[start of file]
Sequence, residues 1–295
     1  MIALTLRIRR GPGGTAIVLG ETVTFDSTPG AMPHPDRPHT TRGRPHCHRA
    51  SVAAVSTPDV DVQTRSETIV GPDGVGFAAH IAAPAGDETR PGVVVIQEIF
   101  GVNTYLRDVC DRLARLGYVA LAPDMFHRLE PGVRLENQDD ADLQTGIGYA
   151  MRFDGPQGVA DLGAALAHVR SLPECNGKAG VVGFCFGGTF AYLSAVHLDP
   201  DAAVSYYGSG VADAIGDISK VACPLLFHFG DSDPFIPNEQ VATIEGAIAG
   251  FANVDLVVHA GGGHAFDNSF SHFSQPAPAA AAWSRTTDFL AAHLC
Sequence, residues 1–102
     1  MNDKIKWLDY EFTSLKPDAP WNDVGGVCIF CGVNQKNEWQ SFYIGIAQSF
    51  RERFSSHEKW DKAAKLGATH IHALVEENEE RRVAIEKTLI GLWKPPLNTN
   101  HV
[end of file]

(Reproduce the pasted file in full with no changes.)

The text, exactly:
Sequence, residues 1–295
     1  MIALTLRIRR GPGGTAIVLG ETVTFDSTPG AMPHPDRPHT TRGRPHCHRA
    51  SVAAVSTPDV DVQTRSETIV GPDGVGFAAH IAAPAGDETR PGVVVIQEIF
   101  GVNTYLRDVC DRLARLGYVA LAPDMFHRLE PGVRLENQDD ADLQTGIGYA
   151  MRFDGPQGVA DLGAALAHVR SLPECNGKAG VVGFCFGGTF AYLSAVHLDP
   201  DAAVSYYGSG VADAIGDISK VACPLLFHFG DSDPFIPNEQ VATIEGAIAG
   251  FANVDLVVHA GGGHAFDNSF SHFSQPAPAA AAWSRTTDFL AAHLC
Sequence, residues 1–102
     1  MNDKIKWLDY EFTSLKPDAP WNDVGGVCIF CGVNQKNEWQ SFYIGIAQSF
    51  RERFSSHEKW DKAAKLGATH IHALVEENEE RRVAIEKTLI GLWKPPLNTN
   101  HV